The Forum for People Performance Management and Measurement at Northwestern University and the Incentive Marketing Association’s Performance Improvement Council conducted research and wrote a whitepaper about ELTV (Employee Lifetime Value). They argue that just as companies build their efforts around  CLTV (Customer Lifetime Value), e.g., the amount a car-buyer will spend on a particular nameplate over the course of his/her lifetime, they should seriously consider calculating an ELTV. They wrote:


The reasons are obvious – in the prevailing mindset, products and brands and, to a lesser extent, customers, have been regarded as the source of profit and value while employees have been treated as a cost. When a workforce is regarded as a cost, an organization seeks to minimize it.


Calculating an ELTV brings attention to the value that people contribute to the performance equation. No longer can employees be considered an expendable resource simply based on their cost. With ELTV, executives must consider the value that the knowledge and actions of employees contribute to a company’s bottom-line. The report goes on to present issues and concerns with actually calculating that value and coming up with a number, e.g., the high degree of fluctuation in work hours and job assignments over the course of employment.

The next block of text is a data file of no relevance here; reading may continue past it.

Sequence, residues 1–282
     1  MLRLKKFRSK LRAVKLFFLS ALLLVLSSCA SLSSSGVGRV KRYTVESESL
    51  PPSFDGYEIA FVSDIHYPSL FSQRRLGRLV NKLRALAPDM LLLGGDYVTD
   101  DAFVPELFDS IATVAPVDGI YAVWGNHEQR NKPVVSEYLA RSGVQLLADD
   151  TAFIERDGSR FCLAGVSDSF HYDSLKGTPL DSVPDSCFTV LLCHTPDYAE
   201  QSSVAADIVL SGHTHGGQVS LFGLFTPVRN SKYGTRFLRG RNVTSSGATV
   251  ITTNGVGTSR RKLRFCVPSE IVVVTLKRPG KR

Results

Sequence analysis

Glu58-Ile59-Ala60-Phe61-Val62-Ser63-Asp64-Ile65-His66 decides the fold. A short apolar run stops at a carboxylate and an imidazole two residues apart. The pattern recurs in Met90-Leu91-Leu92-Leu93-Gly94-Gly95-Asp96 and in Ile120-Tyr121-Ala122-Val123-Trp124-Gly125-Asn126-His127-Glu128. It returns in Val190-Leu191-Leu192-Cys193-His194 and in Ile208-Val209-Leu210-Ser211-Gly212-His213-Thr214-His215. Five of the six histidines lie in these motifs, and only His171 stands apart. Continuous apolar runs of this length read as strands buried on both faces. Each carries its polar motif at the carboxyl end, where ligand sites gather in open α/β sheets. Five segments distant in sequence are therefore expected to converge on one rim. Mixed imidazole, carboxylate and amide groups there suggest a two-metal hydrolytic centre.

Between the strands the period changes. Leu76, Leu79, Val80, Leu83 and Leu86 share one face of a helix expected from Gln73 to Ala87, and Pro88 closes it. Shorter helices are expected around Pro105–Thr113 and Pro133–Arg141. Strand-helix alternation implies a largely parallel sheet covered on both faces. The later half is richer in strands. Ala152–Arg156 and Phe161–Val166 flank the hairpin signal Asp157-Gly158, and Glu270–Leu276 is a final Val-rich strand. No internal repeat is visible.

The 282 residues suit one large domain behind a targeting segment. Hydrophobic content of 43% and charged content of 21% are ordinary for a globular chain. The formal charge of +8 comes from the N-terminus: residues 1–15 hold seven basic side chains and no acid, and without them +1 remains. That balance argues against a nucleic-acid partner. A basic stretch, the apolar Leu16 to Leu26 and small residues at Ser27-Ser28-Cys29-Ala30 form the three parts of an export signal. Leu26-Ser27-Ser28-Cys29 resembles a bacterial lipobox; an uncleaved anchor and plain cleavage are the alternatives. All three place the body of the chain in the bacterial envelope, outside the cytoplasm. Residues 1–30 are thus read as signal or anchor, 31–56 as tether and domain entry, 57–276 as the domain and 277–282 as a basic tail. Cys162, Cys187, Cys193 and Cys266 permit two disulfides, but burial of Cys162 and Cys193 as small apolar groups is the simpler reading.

I am intrigued by the concept of ELV, not so much the computation but more the way of thinking that it provokes. It’s like determining the ROI for training. Calculating the dollar amount saved or increased because of training requires consideration of so many variables and assumptions that, in many cases, it’s probably not worth the time and effort. However, the concept that training adds value in excess of its cost is extremely important to making decisions about that training investment. ELV is a similar kind of notion. That is, all of the caveats to calculating ELV make it no more than a rough estimate, but the fact that there is an ELV should be considered when hiring and firing people and when estimating the value of a business.